An elderly cat died after it was sprayed all over with yellow waterproof paint, according to reports this week.
The cat, named Miggeli, was targeted with yellow paint in Biel-Benken, Switzerland, this week, The Metro reported.
The report said that the animal’s assailant allegedly tortured other animals several times in the past week. The person was not named.
The owners said that Miggeli was targeted because its an old cat, owner Sina Kunz said.
Miggeli didn’t deserve this. https://t.co/Ey1QDUqSNr
— Metro (@MetroUK) May 24, 2019
Kunz said she saw yellow liquid all over the animal as soon as she came home last weekend.
“Her entire body and especially her face were sprayed with waterproof yellow paint,” Kunz was quoted by the Metro as saying.
Photos show the animal was entirely doused with a yellow substance, including its face and nose.
The cat died about three days after it was sprayed. The Metro reported that the cat went into critical condition soon after the incident.
Kunz said she reported the attack to police, adding that she thinks an alleged abuser has been targeting animals in the area.
Another cat, Haxli, was targeted, the paper said. Most of her fur was found shaved off and its claws and whiskers were cut off. A vet said the animal appeared to have been shaved with a razor.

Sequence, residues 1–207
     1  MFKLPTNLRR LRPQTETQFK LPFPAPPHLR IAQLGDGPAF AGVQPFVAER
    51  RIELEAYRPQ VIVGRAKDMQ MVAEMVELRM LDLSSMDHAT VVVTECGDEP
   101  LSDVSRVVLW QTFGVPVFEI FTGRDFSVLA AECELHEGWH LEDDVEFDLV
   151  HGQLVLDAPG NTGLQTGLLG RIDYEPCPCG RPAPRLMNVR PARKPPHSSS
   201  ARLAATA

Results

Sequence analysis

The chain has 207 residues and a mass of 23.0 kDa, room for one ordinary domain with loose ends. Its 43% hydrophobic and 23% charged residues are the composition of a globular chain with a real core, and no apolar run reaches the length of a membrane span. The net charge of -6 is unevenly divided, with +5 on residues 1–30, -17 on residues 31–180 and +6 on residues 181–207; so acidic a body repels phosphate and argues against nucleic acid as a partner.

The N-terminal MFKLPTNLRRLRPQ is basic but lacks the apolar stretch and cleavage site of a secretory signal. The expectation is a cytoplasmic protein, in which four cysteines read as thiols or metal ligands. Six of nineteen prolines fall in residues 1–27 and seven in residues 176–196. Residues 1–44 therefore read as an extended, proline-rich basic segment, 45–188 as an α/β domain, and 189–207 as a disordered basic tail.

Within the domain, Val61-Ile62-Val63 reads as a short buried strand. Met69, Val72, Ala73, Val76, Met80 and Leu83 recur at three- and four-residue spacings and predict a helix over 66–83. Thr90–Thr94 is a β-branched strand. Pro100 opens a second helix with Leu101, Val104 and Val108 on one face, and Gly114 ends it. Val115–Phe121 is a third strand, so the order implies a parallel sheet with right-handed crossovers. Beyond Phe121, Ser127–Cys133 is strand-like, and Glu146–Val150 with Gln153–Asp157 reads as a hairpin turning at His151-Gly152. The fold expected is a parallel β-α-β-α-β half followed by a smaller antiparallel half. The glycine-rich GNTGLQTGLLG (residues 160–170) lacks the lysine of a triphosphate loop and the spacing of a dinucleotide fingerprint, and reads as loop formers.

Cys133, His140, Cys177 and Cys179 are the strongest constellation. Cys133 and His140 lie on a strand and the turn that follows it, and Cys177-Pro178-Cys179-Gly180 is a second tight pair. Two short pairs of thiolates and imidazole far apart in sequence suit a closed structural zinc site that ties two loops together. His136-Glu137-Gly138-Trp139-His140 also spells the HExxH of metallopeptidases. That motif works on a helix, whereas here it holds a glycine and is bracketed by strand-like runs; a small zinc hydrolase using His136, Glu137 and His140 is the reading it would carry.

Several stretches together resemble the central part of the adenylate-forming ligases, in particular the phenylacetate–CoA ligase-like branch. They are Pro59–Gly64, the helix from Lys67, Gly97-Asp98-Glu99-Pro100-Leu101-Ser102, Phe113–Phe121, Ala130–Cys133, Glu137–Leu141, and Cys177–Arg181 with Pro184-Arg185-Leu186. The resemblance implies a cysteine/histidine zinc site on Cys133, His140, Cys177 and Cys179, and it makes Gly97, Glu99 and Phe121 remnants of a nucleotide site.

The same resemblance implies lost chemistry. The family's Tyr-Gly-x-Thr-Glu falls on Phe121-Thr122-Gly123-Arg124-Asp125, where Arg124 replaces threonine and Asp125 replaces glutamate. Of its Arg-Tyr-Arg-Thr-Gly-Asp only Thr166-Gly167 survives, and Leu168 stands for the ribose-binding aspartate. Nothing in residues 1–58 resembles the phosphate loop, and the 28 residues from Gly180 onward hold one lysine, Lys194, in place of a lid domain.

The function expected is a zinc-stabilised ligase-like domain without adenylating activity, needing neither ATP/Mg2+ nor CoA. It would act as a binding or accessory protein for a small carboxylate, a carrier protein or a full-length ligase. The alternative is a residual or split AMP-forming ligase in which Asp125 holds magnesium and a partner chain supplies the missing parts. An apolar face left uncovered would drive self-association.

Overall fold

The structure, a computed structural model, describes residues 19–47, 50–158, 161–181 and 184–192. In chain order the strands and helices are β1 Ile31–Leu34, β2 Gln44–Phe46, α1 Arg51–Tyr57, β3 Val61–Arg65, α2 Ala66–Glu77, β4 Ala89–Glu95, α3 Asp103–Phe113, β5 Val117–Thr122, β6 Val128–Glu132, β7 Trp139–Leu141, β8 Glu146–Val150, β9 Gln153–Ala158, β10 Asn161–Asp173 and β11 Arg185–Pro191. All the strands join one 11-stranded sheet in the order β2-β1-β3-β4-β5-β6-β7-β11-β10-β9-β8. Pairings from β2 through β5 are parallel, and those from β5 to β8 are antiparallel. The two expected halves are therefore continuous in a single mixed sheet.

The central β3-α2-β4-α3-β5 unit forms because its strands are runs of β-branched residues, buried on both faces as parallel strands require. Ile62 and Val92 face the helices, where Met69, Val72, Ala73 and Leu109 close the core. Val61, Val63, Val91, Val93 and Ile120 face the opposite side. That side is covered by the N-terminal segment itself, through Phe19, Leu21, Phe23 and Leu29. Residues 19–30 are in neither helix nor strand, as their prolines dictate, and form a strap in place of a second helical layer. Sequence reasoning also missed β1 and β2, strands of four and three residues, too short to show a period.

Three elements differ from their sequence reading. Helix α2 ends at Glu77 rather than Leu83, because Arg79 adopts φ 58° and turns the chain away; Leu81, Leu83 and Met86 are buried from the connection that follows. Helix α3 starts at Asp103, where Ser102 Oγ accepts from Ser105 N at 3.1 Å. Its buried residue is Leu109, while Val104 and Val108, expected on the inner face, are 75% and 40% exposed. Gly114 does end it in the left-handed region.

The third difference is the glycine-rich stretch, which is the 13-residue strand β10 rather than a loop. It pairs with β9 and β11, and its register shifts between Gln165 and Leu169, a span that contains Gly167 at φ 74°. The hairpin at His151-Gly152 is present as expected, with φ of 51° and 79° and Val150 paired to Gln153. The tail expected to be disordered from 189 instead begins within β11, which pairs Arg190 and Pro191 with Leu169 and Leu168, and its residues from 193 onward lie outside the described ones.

In the area, another cat was also abused. The animal’s legs appeared to have been broken.
“A normal person would not do something like that… I think whoever did this really needs some serious help,” a vet was quoted by The Metro as saying.
A police spokesperson said they’re investigating the incidents.
According to Unilad, the police spokesperson said that the attack on Miggeli took place about 5 miles away from where the other two attacks occurred. They suggested that it might be a different person or persons responsible for the abuse.
The Humane Society says that animal abuse is common in rural and urban areas.
“Intentional cruelty to animals is strongly correlated with other crimes, including violence against people,” the organization says on its website.
“Hoarding behavior often victimizes animals. Sufferers of a hoarding disorder may impose severe neglect on animals by housing far more than they are able to adequately take care of. Serious animal neglect (such as hoarding) is often an indicator of people in need of social or mental health services,” it says. “Surveys suggest that those who intentionally abuse animals are predominantly men under 30, while those involved in animal hoarding are more likely to be women over 60.”
Dogs, cat, livestock, and horses are the most commonly abused animals, the website says.